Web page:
NATURAL MYSTIC: Bob Marley
‘How many rivers do we have to cross,’ asked Robert Nesta Marley, ‘before we can talk to the boss?’ The king of reggae channelled a sense of righteous anger at colonial exploitation, and became an omnipotent symbol of peace and unity. And all before he was cut down in his prime…
It starts with a bright stab of horns and eases into a deceptively lithe but naggingly insistent groove. Almost instantly the singer comes in, his easy, almost languorous, tones belying the manifesto-like call to arms of the lyrics: Until the philosophy which hold one race superior And another inferior Is finally And permanently Discredited And abandoned Everywhere is war – Me say war Bob Marley’s War, released in 1976, was addressed specifically to the liberation movements then proliferating in Africa under colonialism’s last gasp, calling out “the ignoble and unhappy regimes that hold our brothers in Angola, in Mozambique, South Africa… ” But its central message — “Until the basic human rights are equally guaranteed to all, without regard to race… the dream of lasting peace… will remain but a fleeting illusion to be pursued but never attained” — remains depressingly relevant nearly half a century on, as institutional racism is challenged and the most basic message — that black lives matter — needs, yet again, to be hammered home.
War’s uncompromising spirit was couched in the mellowest of grooves; this was a Marley speciality, to mix the sweet with the sting in the tail. In 1976 he was on the point of being catapulted from reggae colossus to worldwide superstar, and here were all the ingredients that a mainstream audience would embrace in his music: its urgency; its forward-motion sense of setbacks borne with a will to overcome (“We are confident in the victory of good over evil, yeah,” he sings at the end of War); and, finally, a kind of universalist uplift — many of Marley’s songs, from No Woman, No Cry and One Love to Three Little Birds, end with exhortations to face down tribulation and refrain from worry because, well, everything’s going to be all right. Marley himself made you believe it: dreadlocks haloing his rapt features, dressed in his patented casual-cool — double-denim, Western shirts, bell-bottoms, red, green and gold windbreakers — he “assumed the roles of shaman, soothsayer and dance instructor at concerts”, wrote Timothy White in Rolling Stone magazine, “encouraging the audience to fall in step with his lithe rebel’s hop as he transformed the proceedings into a mass mesmerisation that owed more to a Pentecostal revival or a Rastafarian Grounation meeting than a rock concert.”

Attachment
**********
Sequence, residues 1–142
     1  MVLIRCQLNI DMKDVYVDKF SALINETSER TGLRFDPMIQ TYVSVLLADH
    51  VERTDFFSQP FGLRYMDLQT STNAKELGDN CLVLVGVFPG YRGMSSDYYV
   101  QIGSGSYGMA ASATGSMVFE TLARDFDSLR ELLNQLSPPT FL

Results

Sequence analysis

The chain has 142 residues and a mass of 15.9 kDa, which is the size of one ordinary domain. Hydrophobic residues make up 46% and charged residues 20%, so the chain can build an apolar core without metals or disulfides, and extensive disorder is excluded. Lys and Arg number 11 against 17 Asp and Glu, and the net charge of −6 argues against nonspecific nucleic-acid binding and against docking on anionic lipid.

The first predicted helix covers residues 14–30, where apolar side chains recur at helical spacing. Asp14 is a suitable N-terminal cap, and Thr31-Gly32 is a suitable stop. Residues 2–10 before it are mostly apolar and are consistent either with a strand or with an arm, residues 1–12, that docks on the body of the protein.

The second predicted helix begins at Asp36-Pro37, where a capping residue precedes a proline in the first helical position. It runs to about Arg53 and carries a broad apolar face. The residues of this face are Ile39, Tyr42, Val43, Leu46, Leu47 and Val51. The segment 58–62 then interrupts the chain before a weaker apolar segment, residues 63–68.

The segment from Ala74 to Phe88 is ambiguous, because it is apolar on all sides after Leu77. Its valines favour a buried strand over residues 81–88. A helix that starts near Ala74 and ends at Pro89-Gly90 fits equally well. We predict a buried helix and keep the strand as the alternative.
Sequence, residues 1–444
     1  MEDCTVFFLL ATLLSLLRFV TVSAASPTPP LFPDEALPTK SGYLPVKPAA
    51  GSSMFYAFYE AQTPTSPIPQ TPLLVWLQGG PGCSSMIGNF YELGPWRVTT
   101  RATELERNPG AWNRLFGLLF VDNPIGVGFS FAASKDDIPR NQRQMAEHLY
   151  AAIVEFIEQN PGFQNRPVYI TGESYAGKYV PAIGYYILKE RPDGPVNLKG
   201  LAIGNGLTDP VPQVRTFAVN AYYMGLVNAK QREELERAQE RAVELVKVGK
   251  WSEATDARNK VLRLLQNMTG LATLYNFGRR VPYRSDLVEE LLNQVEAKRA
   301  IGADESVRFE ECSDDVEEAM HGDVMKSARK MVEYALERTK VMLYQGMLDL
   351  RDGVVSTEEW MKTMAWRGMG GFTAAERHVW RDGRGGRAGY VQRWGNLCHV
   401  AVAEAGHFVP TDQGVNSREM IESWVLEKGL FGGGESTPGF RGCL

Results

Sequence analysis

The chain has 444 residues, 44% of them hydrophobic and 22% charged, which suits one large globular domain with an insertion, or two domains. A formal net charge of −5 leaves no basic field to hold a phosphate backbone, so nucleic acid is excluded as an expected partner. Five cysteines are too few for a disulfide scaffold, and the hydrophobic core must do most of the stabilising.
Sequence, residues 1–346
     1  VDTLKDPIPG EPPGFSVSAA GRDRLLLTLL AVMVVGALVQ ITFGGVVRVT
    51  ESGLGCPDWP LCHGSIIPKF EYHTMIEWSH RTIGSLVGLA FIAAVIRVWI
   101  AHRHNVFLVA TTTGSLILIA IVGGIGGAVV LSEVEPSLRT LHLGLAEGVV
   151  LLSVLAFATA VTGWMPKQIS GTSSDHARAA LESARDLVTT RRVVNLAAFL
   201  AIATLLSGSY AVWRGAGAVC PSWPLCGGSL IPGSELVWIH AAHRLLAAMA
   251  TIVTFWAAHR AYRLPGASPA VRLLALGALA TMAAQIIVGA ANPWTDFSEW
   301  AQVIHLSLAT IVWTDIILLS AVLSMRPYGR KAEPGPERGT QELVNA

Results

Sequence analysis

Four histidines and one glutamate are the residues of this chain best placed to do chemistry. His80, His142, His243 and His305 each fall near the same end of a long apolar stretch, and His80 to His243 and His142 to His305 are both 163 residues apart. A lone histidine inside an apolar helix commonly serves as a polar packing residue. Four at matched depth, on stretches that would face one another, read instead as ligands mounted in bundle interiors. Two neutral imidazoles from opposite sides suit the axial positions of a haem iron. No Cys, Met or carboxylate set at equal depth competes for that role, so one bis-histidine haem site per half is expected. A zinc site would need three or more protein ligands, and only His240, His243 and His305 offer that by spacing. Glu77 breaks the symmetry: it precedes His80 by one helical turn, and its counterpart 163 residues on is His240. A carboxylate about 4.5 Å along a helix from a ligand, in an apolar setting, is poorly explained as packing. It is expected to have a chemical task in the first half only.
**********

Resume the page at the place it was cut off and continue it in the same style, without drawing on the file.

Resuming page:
Marley’s shaman-soothsayer-rebel image has proved pervasive. It was cemented by his untimely death from cancer in 1981, aged 36, and burnished by posthumous albums such as Legend and the prodigious range of Marley merchandise out there, from T-shirts and posters to speakers, turntables, skateboard decks, backpacks, lava lamps and scented candles via cannabis (whole flower as well as oil), the latter of which, given its importance in Rastafarian ritual and Marley’s predilection for being photographed amid a haze of ganja smoke, is perhaps the one revenue stream that he might have wholeheartedly endorsed. In 2016, Forbes calculated that Marley’s estate brought in $21m, making him the year’s sixth-highest-earning deceased celebrity, while unauthorised sales of his music and related paraphernalia have been estimated to generate more than half a billion dollars a year. Marley, who was largely indifferent to fame and fortune, and died intestate, would likely have regarded it all as a capitulation to the forces of Babylon, the Rastafarian term for oppressive systems, with venture capitalism fairly high on the list. His final words, to his son Stephen, were: “Money can’t buy life.”
Certainly not one as full, albeit cruelly truncated, as Marley’s. He was born in 1945, in the rural parish of St. Ann, Jamaica, to Norval Marley, a 60-year-old white British army captain stationed on the island, and his 17-year-old Jamaican wife, Cedella. Norval was a semi-detached presence at best, and was “seriously unstable”, according to a member of the family, rarely seeing his wife and son before his death from a heart attack in 1955. Bob’s mixed blood meant he was often teased as “the little yellow boy” or “the German boy” — slights he seems to have taken, as he took most things, with equanimity. His mother called him “playful, loving and cooperative”, but, she added, “he always looked to me like he was hiding his true feelings”. Friends remarked on the young Marley’s resourcefulness, but also his bashfulness. His later publicity shots may have projected ‘attitude’ — complete with thousand-yard stare, as if he were envisioning the Promised Land then and there — but he was always ready to goof off in private. “His biggest secret,” says the author Marlon James, “was that he was actually shy.” Bob was eight when his mother gave up her tiny grocery store and moved them to Trench Town, a social housing community in Kingston — hence the “government yard” — that is now the site of a Bob Marley museum. Marley earned the nickname ‘Tuff Gong’ (later the name of his record label) for his penchant for hard tackling on the vacant scrub that served as football pitches, but, after he finished grammar school, a short-lived apprenticeship as a welder came to an abrupt end when a piece of steel flew off his workstation and embedded itself in the white of one of his eyes. “Too tough for me,” Marley later recalled. “I thought music might be a less dangerous way to earn a living.” Read the full story in Issue 71 of The Rake - on newsstands now. Available to buy immediately now on TheRake.com as single issue, 12 month sub or 24 month sub. Subscribers, please allow up to 3 weeks to receive your magazine Subscribe and buy single issues here.